Exxaro Resources Ltd. (EXX) agreed to buy African Iron Ltd. (AKI) for about A$338 million ($349 million), paying a 43 percent premium to the market for a first controlling stake in an iron ore project after its failed bid for a mine in 2011.
Exxaro will pay as much as 57 cents a share and 37 cents an option for Perth-based African Iron, they said today in a joint statement. The Australian company closed at 40 cents on Jan. 9.
The deal would allow Exxaro, which part owns Kumba Iron Ore Ltd.’s Sishen mine in South Africa, to control and operate the project following its failed bid for Territory Resources Ltd. in 2011. The transaction will curb investment risk for the African Iron Mayoko development, which is scheduled to begin production by 2013, according to an analyst at Foster Stockbroking Pty.
“Up to A$300 million in development finance would have been required for Mayoko later this year, a challenge given the current capital markets landscape,” Mark Hinsley, at Foster Stockbroking’s equity research sales desk in Sydney, wrote in an e-mailed report. A competing offer is unlikely, he said.
African Iron (AKI), which has operations in the Republic of Congo, rose 40 percent to 56 cents by the close in Sydney. Exxaro will pay a base 51 cents a share and raise that to 57 cents when it gains 75 percent or more in the target. It fell 0.9 percent to 172 rand by the close in Johannesburg.
“We see the acquisition price as being fair when compared to a company such as African Minerals,” Heidi Sternberg, an analyst at SBG Securities Ltd., wrote in a report today. The deal is “positive in the long term” for Exxaro, she said.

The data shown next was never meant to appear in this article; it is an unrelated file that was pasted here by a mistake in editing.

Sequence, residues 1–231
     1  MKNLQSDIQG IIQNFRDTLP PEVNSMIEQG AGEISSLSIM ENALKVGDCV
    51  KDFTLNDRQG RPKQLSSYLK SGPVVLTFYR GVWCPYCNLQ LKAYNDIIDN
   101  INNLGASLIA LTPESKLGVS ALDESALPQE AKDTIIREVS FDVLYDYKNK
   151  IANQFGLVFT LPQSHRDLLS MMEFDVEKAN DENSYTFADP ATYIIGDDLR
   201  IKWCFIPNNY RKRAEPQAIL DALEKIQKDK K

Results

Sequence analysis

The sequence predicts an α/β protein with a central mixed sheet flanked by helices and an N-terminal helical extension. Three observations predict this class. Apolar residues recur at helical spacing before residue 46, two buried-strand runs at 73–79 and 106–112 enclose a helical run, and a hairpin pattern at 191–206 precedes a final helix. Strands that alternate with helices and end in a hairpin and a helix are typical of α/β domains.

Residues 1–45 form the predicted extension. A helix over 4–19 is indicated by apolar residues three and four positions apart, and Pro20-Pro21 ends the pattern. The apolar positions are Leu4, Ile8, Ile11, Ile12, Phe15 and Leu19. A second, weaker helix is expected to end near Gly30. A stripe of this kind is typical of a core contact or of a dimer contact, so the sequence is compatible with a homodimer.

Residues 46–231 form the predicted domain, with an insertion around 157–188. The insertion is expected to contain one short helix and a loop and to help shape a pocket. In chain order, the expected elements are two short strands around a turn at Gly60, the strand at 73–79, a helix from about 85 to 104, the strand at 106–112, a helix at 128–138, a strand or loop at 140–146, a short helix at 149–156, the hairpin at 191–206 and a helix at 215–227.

While Equatorial Resources Ltd. is the most probable rival for Exxaro’s bid, “it is unlikely Equatorial would have the capacity to match Exxaro’s offer on a cash basis,” Ambrian Partners Ltd. analysts wrote today in a research note.
Exxaro, with a market value of about $7.6 billion, offered to pay 1.46 times African Iron’s total asset value, according to data compiled by Bloomberg. That compares with a median multiple of 1.36 times for nine comparable deals, the figures show.
African Iron hasn’t held talks with other suitors, Chairman Ian Burston told reporters on a conference call. The Australian company’s biggest shareholder, Cape Lambert Resources Ltd. (CFE), has also agreed to the deal, according to the statement. Equatorial Resources Ltd. (EQX), the second-biggest shareholder, said it welcomed Exxaro’s interest in the Mayoko region, according to an e-mailed statement. Cape Lambert rose 2.9 percent in Sydney trading.
African Iron’s projects in the Republic of Congo “will provide Exxaro with the opportunity to realize its stated ambitions of developing a significant iron ore asset in this rapidly emerging and prospective region,” Exxaro Chief Executive Officer Sipho Nkosi said in the statement.
The company, outbid for Territory Resources by Noble Group Ltd., is being advised by Investec Bank Ltd. and Gilbert + Tobin is its legal adviser. African Iron’s legal adviser is Freehills.
The South African company will probably complete a review of African Iron’s project development plan by June or July, Ernst Venter, a business development manager, said today on a conference call. A railway line to Pointe-Noire, and the port itself, would need upgrading for shipments that would probably be headed to European and “Eastern” markets, he said.
To contact the editor responsible for this story: John Viljoen at firstname.lastname@example.org